If you’ve worked on projects, I’m sure the term risk management will not be foreign to you.
There are several ways to deal with risks and oh so many factors that contribute to how you will approach and deal with them.
But as always, I’m here to help you consider a slightly different view on risks and shine a light on an area we often don’t consider.
What does risk management mean to your team?
While our first considerations are the actions we will take to address risks on our project, Step 1 should actually be, what does risk management mean to us as a team?
If you asked a sample set of people, you would find that we all naturally have a different definition for risk. We have a different level of tolerance of risk and our tolerances will vary depending on the risk topic.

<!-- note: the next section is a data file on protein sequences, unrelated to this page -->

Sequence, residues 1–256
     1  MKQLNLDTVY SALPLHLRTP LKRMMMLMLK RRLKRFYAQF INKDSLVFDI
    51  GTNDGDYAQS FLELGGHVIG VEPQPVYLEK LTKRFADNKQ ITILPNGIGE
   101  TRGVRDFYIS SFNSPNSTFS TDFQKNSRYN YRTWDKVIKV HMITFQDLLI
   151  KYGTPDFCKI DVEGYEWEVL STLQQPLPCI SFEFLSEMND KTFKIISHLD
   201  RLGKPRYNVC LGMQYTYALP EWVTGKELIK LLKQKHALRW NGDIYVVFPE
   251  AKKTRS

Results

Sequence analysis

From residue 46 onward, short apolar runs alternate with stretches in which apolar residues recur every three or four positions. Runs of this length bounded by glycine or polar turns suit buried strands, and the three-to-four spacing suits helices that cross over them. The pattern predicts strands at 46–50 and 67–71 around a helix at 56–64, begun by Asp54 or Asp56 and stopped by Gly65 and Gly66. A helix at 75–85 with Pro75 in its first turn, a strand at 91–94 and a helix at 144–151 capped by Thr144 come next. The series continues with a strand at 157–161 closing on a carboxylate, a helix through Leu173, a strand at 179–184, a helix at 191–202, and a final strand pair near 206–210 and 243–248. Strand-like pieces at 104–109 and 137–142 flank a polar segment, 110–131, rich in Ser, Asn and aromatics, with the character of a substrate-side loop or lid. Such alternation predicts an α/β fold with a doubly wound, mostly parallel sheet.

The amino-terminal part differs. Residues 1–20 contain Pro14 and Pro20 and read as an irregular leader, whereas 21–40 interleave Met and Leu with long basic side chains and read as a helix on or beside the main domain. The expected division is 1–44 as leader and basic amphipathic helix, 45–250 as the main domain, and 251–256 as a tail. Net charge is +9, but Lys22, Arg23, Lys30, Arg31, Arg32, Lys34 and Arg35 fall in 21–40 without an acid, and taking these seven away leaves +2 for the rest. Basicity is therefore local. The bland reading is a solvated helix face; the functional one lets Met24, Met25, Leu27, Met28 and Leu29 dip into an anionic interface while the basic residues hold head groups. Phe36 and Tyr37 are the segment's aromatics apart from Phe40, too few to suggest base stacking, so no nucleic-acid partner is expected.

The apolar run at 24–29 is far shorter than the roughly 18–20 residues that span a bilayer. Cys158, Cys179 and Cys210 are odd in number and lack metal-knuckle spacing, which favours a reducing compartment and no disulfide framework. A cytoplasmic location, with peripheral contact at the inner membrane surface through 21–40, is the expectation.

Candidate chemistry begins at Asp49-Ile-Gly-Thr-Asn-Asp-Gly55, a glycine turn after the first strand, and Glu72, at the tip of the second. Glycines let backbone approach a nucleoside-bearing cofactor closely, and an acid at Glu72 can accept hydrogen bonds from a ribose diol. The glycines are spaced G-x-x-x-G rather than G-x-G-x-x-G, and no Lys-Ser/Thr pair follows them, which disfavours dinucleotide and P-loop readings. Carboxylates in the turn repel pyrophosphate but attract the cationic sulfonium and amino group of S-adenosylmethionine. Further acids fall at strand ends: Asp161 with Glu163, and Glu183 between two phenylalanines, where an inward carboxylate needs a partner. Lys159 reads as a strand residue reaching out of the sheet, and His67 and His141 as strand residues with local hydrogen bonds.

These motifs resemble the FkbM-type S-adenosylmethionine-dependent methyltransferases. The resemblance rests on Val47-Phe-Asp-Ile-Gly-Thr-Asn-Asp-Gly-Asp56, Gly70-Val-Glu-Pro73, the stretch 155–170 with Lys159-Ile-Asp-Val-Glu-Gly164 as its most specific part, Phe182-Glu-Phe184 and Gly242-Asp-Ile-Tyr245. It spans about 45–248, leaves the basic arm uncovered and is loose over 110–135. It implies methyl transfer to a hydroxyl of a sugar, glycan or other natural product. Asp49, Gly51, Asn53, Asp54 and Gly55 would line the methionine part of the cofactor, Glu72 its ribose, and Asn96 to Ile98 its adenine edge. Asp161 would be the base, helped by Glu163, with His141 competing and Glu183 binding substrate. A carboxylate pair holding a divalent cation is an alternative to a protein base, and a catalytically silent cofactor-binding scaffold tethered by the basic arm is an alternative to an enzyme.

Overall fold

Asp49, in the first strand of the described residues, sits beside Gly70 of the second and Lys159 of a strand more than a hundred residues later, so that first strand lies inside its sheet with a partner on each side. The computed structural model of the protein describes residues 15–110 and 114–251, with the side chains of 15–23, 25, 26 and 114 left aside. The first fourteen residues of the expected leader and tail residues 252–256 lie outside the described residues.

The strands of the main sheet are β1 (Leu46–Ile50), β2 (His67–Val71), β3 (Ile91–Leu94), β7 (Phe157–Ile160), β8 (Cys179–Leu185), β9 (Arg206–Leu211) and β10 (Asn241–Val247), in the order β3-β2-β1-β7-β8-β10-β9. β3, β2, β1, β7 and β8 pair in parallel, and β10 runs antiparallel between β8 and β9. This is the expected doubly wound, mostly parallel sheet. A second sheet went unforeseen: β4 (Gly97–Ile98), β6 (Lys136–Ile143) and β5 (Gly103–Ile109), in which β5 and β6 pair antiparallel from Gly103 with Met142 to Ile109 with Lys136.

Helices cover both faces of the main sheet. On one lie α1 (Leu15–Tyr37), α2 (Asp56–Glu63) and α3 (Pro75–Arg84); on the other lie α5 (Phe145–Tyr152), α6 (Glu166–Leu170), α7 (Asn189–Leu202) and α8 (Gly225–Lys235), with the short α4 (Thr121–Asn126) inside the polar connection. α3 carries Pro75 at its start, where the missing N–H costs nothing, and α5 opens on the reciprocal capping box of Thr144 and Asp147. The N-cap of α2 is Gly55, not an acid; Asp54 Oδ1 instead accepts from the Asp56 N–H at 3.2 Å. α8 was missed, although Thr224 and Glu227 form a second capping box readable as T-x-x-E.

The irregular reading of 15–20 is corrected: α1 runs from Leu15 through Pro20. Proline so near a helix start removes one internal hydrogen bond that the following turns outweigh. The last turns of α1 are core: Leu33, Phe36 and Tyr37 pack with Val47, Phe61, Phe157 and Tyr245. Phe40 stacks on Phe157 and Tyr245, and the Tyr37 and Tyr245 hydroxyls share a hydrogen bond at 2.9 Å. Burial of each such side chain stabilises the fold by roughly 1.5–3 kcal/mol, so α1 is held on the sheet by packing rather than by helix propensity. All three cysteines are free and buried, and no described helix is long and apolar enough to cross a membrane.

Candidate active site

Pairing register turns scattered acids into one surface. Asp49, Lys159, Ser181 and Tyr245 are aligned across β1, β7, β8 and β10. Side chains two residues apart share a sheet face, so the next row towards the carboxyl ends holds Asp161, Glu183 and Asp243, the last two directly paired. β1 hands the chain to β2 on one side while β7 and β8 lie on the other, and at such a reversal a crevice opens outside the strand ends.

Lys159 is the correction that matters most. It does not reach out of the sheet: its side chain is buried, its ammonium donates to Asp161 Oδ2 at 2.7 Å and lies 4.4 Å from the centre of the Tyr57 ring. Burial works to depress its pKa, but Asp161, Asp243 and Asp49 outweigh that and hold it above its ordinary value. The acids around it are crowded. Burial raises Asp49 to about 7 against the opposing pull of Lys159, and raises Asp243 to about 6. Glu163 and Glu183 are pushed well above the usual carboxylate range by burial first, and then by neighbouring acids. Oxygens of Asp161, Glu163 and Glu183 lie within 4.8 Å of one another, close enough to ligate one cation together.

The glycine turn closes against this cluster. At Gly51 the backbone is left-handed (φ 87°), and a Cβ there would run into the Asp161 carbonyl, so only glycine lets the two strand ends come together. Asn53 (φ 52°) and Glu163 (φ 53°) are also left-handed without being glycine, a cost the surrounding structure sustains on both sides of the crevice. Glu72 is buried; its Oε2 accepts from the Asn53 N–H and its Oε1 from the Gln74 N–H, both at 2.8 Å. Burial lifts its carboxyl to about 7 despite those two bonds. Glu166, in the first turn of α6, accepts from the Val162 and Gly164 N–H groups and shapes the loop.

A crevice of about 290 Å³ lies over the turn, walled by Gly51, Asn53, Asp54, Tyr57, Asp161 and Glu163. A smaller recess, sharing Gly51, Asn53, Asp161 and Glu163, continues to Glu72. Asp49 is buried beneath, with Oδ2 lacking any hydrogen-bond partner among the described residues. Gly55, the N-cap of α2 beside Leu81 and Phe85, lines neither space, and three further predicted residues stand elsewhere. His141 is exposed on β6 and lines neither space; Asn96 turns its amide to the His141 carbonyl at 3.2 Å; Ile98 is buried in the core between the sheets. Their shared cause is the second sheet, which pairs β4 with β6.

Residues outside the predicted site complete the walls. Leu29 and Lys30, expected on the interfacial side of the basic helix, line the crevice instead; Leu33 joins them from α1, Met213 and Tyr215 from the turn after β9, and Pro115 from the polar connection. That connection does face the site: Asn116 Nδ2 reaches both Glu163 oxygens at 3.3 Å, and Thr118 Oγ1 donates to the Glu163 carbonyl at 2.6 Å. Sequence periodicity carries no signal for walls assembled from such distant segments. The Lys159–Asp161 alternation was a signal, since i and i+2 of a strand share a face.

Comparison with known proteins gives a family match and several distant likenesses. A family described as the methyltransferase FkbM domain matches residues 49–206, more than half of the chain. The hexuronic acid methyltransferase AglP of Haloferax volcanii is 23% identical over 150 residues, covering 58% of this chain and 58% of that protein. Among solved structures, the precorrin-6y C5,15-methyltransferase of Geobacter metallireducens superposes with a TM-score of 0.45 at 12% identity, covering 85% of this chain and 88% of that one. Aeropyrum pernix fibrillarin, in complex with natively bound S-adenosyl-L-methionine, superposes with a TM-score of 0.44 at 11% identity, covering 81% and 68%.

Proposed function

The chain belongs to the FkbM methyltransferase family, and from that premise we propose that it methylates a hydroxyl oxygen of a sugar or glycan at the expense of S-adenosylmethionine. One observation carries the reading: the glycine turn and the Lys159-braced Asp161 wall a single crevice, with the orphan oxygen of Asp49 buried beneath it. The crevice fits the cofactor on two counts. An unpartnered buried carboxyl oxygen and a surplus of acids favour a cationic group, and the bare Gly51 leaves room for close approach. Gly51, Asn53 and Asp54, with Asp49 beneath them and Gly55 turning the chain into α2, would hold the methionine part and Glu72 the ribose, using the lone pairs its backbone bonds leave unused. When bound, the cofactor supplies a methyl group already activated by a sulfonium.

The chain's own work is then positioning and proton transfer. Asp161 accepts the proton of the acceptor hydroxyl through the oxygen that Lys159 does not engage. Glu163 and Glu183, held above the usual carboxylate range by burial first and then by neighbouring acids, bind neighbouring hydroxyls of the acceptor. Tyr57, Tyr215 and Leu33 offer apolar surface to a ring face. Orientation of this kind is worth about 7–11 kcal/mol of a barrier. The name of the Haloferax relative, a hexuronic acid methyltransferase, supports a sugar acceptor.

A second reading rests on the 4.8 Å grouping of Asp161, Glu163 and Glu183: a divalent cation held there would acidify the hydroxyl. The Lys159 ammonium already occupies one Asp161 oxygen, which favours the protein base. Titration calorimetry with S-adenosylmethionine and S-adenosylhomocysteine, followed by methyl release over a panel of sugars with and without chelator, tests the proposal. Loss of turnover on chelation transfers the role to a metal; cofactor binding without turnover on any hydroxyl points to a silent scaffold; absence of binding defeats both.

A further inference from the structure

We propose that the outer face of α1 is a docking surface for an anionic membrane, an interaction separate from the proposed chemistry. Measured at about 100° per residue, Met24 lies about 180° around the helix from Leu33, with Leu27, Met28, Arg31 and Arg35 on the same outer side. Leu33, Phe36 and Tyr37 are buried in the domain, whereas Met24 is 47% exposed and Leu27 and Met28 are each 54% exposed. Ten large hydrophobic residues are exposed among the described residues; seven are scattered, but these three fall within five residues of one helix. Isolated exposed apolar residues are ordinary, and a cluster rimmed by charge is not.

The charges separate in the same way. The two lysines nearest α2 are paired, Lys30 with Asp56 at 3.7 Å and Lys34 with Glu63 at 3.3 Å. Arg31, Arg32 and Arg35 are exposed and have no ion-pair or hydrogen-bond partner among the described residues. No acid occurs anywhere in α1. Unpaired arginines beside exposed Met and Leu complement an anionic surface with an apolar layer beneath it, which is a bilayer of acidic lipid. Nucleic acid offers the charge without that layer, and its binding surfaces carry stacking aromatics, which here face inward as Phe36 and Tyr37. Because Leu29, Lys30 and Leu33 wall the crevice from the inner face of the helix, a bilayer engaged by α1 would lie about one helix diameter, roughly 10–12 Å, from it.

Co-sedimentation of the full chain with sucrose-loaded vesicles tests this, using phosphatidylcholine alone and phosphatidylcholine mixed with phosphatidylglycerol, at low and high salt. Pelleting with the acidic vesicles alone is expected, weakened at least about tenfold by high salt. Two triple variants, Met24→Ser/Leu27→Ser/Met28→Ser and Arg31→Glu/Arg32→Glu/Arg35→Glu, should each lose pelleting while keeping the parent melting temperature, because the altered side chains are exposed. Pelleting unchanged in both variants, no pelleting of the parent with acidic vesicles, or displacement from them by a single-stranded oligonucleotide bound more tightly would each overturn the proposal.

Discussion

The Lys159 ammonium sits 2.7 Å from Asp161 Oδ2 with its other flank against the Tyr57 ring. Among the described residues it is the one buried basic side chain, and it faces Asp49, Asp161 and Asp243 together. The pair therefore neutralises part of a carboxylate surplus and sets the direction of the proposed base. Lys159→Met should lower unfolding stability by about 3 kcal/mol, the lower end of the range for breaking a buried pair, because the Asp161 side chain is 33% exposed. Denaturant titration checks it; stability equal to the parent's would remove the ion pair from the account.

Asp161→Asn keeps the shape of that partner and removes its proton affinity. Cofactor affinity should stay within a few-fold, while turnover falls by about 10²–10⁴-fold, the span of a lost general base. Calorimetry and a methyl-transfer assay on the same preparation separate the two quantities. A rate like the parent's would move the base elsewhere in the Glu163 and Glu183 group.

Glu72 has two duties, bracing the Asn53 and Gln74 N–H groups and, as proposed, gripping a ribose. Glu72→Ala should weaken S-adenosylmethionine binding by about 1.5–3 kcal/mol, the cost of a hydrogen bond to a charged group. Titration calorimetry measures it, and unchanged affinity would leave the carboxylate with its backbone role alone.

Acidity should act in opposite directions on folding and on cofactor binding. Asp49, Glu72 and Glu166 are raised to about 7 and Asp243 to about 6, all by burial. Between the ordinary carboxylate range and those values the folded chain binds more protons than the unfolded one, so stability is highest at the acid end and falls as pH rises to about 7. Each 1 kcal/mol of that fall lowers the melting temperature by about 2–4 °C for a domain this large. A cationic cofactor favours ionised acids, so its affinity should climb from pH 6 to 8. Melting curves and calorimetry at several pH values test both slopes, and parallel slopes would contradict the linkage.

These different perspectives on risk happen, because we all have unique past experiences and beliefs which are based on what we have seen, heard, and dealt with.
For example, if I have had a bad experience with user requirements, I am likely to be less tolerant and more aggressive when managing user requirement type risks. This will likely result in me wanting to take more urgent action to prevent the same past experience from re-occurring.
My team on the other hand, may not have had negative experiences with user requirements, making them more relaxed about taking any actions to mitigate these types of risks.
Another influencer is someone’s natural appetite to risk. You may naturally be a risk taker and prefer to ‘wing it’, unlike your colleague who only loves calculated risk.
Or you may simply have a natural tendency to be risk averse.
Each of these characteristics cause people to react differently to risks and will result in a variety of issues if not properly supported.
From these examples alone, you can start to see how issues can easily occur within your team around urgency and the type of action or inaction taken to address project risks.